Physical damage caused by a cyber attack is a serious concern for organizations with industrial control systems.
Cyberattacks Reach the
risk managers are
beginning to get their
arms around the
next wave of cyber
exposure — an attack
that causes property
or bodily damage.
By Katie Siegel
When the Baku-Tbilisi-Ceyhan pipeline exploded in 2008 in eastern Turkey, it damaged the pipeline in Refahiye, spewed oil into the environment and posed physical harm to firefighters called in to quell the flames. Cyber attackers apparently hacked into the pipeline’s control
system and manipulated valves to increase pressure inside the pipe, while
suppressing alarms that would have alerted operators to an error.
In 2014, an unnamed steel mill in Germany sustained extensive damage after
hackers breached the plant’s computer network via a spear phishing email, then
infiltrated industrial systems that control operational machinery. The attack
compromised the system so that a blast furnace could not be shut down.
In another well-known incident the year before, the Stuxnet computer virus
engineered by U.S. and Israeli forces damaged thousands of centrifuges at an
Iranian nuclear power plant, again compromising system controls while making
it appear everything was working normally. The virus was introduced through an
employee’s thumb drive.
These are only a few examples of cyberattacks that caused physical property
damage and potential bodily injury.
“The breaches and cyberattacks we see in the news are usually around the theft
of personally identifiable information,” said Tracie Grella, global head of cyber
risk insurance at AIG. “We’ve seen ransomware events, DOS attacks. The data
disclosure and business downtime are usually the results of a network breach. But
the potential for extensive physical damage is an emerging risk.”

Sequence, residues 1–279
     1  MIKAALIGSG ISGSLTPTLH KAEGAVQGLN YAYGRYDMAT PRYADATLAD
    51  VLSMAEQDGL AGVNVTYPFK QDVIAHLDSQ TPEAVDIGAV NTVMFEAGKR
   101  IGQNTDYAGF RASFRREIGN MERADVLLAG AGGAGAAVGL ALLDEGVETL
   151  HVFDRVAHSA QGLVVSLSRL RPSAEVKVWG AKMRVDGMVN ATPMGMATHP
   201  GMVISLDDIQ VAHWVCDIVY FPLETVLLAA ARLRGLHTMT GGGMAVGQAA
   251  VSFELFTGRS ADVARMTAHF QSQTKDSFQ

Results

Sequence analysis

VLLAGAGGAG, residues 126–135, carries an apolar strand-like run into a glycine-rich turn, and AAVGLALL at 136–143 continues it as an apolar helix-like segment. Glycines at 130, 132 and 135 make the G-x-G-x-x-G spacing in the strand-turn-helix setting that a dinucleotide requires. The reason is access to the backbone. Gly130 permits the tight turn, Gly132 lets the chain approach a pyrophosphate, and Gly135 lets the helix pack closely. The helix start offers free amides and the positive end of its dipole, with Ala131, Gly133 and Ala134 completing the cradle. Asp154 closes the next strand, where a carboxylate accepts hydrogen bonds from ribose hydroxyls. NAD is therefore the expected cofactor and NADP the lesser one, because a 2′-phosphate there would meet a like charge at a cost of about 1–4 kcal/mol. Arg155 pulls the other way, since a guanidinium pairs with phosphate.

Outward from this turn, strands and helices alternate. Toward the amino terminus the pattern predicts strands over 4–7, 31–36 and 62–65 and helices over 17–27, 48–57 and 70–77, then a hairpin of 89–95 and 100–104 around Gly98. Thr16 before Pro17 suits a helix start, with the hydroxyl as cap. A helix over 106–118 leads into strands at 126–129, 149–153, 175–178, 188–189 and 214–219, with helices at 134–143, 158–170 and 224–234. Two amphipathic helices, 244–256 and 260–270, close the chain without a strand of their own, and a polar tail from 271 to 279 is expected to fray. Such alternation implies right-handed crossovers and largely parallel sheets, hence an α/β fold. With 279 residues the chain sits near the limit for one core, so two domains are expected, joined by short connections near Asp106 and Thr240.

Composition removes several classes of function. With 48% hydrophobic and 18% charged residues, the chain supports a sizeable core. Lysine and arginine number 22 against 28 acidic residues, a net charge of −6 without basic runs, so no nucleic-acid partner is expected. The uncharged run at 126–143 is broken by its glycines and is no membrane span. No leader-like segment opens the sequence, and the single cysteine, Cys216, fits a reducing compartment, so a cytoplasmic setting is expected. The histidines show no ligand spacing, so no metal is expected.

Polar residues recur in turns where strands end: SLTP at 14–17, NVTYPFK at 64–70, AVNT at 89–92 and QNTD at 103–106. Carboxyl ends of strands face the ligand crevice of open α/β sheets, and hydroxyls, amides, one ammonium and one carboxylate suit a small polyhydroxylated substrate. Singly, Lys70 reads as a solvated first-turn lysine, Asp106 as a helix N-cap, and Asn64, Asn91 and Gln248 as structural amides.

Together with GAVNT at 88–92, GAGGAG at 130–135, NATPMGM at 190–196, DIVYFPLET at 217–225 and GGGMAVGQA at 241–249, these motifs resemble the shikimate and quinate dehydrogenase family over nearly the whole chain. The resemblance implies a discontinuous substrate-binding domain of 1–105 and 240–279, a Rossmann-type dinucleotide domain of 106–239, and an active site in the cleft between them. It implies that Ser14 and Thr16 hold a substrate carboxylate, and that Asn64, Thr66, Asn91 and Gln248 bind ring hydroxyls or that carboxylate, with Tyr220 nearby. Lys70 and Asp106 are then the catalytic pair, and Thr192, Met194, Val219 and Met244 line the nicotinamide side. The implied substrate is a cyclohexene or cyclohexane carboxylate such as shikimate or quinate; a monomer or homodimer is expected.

As cyber risk rapidly evolves, the insurance industry is working hard to keep
up. However, gray areas remain and there are unanswered questions about how to
underwrite and mitigate such a dynamic risk.
“Five to 10 years ago, cyberattacks were motivated primarily by financial gain
and access to confidential data,” said Chris O’Byrne, cyber underwriting specialist
at FM Global. “This has evolved into more attacks focused on causing business
disruption, and others where the goal is physical damage.”
Though every type and size of company is susceptible to a cyberattack,
those with industrial-control systems (ICS), such as manufacturers and energy
suppliers, may be most vulnerable to an attack intended to cause physical damage.
Industrial-control systems are comprised of many components relying on
communication between separate computer networks. The less cohesive a system
is, the more opportunities arise for hackers to find a way in.
“We’re seeing more reports of malware being written specifically to target
these systems,” O’Byrne said.
“The intent may not be to expressly cause physical damage, but that could
certainly be a result.”
The physical damage that could result from an attack on ICS varies. It could be
a fire that destroys equipment or a whole facility; it could be the simple wearing
down and corrosion of machinery; it could involve environmental damage, or
damage to any goods being produced.
“Hackers can spoof sensors by
sending false data. They can force cyclical
behaviors, like turning something on
and off in rapid cycles, which causes
machinery to wear out, fuses to be
blown, leaking, and in some cases
explosion and fire,” said Tom Harvey,
product manager of cyber solutions at
RMS, the risk modeling firm.
“It could be something as simple as
disconnecting safety features,” he said.
“Everything would be operating as it
should, but there’s the increased risk for
“If you are targeted by
a sophisticated group of
hackers, they will find a way
in. You have to make sure
you’re properly covered.”
—Tom Harvey, product manager, cyber solutions,
• Cyberattacks can cause extensive
physical property damage by
• There could be gaps or overlaps
in coverage from property and
• Risk managers should adopt an
ERM approach and treat cyber as
any standard risk.